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First come, first served.

Does the above come from "If you come first, you'll be served first?" If not, where does it derive from? Thanks.
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You've worked it out ok.
AngliholicFirst come, first served.

Does the above come from "If you come first, you'll be served first?" If not, where does it derive from? Thanks.
You're right.
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And remember that it is 'served' in spite of the fact that many people spell and say it without the d.
It it is wrongly written as 'First come, first serve', then I think it means since you come first, you have to serve the guest/s first.
Yoong LiatIt it is wrongly written as 'First come, first serve', then I think it means since you come first, you have to serve the guest/s first.
That might be what it would mean, but to my knowledge that expression with that meaning does not exist. It is simply a common error.
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Hi,

There is a parallel thread that talks about the same thing: Correct Usage of First-Come, First-Served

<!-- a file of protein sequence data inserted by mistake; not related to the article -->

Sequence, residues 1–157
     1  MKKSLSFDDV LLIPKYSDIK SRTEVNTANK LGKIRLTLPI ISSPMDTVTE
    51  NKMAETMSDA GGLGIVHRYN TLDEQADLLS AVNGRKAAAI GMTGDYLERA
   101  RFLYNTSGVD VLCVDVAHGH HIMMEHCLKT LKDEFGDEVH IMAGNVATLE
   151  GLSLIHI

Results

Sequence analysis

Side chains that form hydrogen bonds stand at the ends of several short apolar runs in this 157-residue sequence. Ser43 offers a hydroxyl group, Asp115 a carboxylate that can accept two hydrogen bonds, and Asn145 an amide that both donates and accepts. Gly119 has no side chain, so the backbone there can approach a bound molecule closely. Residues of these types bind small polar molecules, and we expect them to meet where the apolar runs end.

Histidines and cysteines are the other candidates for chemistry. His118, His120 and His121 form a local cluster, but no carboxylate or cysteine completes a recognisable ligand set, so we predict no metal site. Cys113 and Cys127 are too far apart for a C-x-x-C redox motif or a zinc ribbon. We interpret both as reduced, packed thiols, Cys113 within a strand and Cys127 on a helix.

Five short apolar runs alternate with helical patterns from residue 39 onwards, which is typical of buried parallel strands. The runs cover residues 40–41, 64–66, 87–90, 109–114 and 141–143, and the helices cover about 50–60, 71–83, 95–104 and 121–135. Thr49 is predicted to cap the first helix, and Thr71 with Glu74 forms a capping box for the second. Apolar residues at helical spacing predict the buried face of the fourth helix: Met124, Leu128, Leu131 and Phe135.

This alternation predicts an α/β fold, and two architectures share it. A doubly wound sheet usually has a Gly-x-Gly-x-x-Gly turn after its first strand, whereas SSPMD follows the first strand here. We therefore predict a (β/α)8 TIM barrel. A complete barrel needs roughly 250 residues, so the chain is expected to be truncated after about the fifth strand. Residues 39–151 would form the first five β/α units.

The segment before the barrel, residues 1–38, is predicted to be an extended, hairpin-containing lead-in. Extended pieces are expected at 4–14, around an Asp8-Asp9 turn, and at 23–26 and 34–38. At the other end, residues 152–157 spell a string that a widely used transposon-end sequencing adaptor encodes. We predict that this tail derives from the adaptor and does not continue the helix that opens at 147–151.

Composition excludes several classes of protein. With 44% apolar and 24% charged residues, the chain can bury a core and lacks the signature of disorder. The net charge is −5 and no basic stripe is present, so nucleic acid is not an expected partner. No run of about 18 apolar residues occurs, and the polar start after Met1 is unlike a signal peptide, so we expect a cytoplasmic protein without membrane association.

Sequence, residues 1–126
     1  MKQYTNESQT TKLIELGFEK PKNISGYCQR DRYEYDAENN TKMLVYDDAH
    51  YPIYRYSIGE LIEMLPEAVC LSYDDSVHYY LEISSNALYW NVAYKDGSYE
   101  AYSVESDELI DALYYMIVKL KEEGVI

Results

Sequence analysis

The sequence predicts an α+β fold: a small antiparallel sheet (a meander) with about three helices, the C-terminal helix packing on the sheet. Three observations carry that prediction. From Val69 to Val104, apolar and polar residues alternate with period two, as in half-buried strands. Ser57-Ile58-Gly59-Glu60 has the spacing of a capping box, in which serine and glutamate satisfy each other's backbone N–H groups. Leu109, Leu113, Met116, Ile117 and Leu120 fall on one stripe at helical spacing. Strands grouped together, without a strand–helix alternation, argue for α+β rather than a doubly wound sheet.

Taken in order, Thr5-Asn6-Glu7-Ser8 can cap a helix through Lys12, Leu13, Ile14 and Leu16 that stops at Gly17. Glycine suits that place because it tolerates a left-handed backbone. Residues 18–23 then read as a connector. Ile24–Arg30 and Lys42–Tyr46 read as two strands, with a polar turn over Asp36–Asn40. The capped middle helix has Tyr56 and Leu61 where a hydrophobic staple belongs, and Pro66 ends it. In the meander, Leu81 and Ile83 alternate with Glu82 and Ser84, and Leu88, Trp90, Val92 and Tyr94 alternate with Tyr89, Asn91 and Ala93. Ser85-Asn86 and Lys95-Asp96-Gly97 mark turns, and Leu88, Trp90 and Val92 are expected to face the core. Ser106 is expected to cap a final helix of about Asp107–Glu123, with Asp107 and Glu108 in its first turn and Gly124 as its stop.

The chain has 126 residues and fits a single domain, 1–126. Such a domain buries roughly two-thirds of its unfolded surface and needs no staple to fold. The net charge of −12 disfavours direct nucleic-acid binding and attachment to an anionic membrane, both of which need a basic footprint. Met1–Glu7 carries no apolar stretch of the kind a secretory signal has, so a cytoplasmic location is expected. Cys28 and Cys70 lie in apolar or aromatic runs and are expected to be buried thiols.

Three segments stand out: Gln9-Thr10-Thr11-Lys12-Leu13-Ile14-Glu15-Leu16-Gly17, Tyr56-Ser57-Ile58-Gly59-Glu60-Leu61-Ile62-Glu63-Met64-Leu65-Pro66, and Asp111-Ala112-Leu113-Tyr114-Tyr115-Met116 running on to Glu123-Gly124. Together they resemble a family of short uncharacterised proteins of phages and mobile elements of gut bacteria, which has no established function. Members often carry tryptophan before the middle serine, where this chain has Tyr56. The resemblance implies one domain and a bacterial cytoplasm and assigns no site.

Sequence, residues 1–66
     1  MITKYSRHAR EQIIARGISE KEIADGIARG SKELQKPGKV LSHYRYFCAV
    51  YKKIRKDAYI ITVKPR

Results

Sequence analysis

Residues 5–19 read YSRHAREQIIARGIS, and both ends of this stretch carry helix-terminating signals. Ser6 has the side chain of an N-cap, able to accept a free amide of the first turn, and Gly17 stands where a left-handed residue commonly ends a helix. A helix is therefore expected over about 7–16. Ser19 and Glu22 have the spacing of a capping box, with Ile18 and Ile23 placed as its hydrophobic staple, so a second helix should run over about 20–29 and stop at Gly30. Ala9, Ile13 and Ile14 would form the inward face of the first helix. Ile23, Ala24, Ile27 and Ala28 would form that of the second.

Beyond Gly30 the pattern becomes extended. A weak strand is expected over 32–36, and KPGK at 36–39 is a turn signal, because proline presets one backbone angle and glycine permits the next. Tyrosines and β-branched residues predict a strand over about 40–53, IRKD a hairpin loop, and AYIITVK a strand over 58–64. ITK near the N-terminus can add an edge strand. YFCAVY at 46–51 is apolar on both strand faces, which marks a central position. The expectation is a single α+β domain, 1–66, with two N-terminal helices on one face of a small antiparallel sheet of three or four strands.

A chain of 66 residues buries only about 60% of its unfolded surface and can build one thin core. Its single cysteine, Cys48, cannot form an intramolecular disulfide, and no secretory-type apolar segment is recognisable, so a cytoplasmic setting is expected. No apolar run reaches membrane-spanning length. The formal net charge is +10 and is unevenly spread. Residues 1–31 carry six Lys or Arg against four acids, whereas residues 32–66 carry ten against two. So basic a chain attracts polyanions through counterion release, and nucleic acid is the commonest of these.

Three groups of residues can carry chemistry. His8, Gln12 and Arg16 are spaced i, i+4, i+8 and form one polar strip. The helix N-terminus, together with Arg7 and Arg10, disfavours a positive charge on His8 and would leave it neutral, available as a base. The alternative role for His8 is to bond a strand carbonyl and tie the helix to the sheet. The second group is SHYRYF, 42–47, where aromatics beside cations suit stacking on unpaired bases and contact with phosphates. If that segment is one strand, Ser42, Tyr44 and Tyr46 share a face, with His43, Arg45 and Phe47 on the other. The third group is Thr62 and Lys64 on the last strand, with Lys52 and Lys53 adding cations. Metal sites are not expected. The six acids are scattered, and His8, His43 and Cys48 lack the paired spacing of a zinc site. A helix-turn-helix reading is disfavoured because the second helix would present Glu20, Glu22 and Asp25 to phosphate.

Hi Philip

I know there is no such saying. By the way, some people write 'first-come-first-served'. Can it be written this way?

Is 'first-come-first-served' basis ok or should it be 'first come, first served' basis?

Many thanks.
The only time I would use the hyphens would be in a playful, somewhat elaborate construction, for example:

You know how it is at the Smith house. Ten children, three or four of them screaming at any given moment, and mother and father dishing out dinner, approval, and smacks alike with a admirably democratic first-come-first-served policy.

But for a more formal notice:

As of May 1, employees will no longer be able to call ahead to the cafeteria to reserve catfish plates on Fridays. They will be available strictly on a "first come, first served" basis.
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